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Archive for April, 2011

After visiting the Sky Rest New Muroto in the southern part of Shikoku Jordy and I got back on the road to find an abandoned school in the middle of nowhere about 50 kilometers away. While the most popular way of finding places to explore seems to be (mostly useless) books like Nippon No Haikyo and doing research on the internet the most effective way to do it actually is to rent a car and hit the road. In our case we stumbled across two amazing abandoned places (or haikyo (廃墟), ruins, as they are known in Japan) on our way to the school: an abandoned hotel and an abandoned Pachinko parlor in amazing condition.
After about half an hour on the road I saw a huge sign advertising a hotel – and the sign looked like it wasn’t taken care of for at least a decade. I told Jordy about it and we decided to turn around. Driving up a hill for only a short distance there it was, the shangri-la (yes, lower case spelling…). Very unspectacular from the outside Jordy cracked some jokes about how the place doesn’t live up to its name, but we were disabused soon…
With the front desk gone and the kid’s play area and gift shop almost empty, the shangri-la became interesting when I entered the office behind the front desk. Amongst the mess of documents and office items like ink cartridges scattered all over the floor I found a photo album with wedding pictures. Was the shangri-la maybe more than it appeared from the outside? It was. Right around the corner was a rental counter for towels and other bathing equipment and from there I could already see the indoor water park – huge by Japanese standards, well below average being used to European facilities like that. Nevertheless fascinating, especially since the pool was quite complex with several small water slides and a bridge across to where I assume once a bar was.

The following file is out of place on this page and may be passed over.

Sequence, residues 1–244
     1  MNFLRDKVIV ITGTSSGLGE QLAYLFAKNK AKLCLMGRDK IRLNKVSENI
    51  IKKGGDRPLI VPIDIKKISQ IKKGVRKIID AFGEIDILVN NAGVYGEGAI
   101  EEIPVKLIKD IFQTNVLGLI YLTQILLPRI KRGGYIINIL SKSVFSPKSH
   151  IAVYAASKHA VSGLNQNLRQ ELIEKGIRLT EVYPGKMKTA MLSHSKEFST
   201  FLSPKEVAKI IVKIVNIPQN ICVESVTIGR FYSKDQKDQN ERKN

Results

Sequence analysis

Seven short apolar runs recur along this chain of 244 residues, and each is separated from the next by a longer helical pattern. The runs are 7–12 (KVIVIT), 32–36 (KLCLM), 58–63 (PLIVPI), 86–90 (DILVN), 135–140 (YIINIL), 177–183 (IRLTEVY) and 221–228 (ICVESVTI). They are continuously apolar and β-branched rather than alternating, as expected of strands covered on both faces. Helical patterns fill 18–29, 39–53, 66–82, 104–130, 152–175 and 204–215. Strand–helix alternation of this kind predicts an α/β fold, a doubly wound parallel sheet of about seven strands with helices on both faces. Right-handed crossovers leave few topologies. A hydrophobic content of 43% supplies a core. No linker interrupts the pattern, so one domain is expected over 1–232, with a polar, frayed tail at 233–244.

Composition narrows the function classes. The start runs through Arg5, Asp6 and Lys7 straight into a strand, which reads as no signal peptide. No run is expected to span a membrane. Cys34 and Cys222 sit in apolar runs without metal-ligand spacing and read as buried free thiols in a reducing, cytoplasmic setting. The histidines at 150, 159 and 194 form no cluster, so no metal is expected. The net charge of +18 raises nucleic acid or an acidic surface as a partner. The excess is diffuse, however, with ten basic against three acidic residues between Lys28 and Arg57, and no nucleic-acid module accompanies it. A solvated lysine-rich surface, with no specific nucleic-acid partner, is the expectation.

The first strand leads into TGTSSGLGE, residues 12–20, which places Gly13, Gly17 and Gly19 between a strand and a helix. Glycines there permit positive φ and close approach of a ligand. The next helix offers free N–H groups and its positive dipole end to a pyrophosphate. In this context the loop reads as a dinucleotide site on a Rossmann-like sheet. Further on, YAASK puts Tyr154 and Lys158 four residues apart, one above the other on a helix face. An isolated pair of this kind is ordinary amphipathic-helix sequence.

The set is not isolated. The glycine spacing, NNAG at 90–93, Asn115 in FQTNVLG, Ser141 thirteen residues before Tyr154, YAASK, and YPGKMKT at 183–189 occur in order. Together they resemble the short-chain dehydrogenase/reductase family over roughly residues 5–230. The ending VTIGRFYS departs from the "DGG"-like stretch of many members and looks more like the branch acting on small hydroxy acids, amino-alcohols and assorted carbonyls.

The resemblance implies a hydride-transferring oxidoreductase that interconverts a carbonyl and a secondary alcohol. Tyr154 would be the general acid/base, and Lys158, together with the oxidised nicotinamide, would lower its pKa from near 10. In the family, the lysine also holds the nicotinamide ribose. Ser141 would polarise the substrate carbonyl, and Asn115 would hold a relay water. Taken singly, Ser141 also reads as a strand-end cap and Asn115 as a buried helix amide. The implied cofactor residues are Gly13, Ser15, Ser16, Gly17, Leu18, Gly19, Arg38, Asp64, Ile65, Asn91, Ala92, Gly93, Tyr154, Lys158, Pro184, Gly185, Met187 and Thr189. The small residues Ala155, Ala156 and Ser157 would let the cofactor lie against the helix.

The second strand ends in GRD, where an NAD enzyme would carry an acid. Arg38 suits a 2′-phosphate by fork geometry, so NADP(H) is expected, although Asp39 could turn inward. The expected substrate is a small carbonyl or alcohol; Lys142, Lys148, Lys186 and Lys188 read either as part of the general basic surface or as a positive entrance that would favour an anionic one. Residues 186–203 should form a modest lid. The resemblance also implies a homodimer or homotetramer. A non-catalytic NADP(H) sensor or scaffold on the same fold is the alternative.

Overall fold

The rest of the ground floor was occupied by a kitchen, another bar and a small recreational area outside. The hotel part of the shangri-la was on the second floor. All rooms were empty by the time of my visit, but one of them was labeled “CHAPEL”, so I guess it’s easy to say that the shangri-la was a wedding hotel.
No Japanese hotel is complete without two shared baths (one for men, one for women) and the ones here were quite nice, including a rather spacious sauna considering the size of the shangri-la.
Jordy and I weren’t the first visitors to the shangri-la in the 10 years since it was closed (judging by the ad for a marathon in November of 2000), but to my surprise I’ve never seen it on the internet before. There was a bit of chaos here and there, but almost none of the typical signs of vandalism ruining the more famous… ruins. No arson, hardly any smashed interior, no broken windows – hardly any mold, well-lit, secluded. A truly great place to explore!

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Last week I got an e-mail from Antenne Bayern, Germany’s most popular private radio station, asking for permission to publish some of my Chernobyl pictures on their homepage. After some fruitful negotiations we agreed on eleven pictures and I wrote some captions for them – the rest, including the captions to my Youtube videos, was written by the staff at Antenne Bayern. Please *click here* to have a look at the picture series (the site is in German only).

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The Sky Rest New Muroto (スカイレストニュー室戸) is a prime example of an abandoned place that suffered severly from too much attention – and by too much attention I mean the book “Nippon No Haikyo” (ニッポンの廃墟), which is pretty useless by now since it became victim of its own popularity. Unlike most books about abandoned places Nippon No Haikyo includes maps. Some of them are completely useless, but others are almost as detailed as if it was a GoogleMaps link. Why is the book useless? Because most of the described locations are demolished by now due to the attention the book drew to the respective places from August 2007 on – *Koga Family Land* for example was abandoned for more than 20 years until it was demolished in December of 2008, same for Nagoya Toyo Ball, Nihon Cement Mojiko and the Inagawa Trap Shooting. Other places once easily accessible were boarded up (Hototogisu Ryokan) or severely vandalized (like the ghost town *Mukainokura*).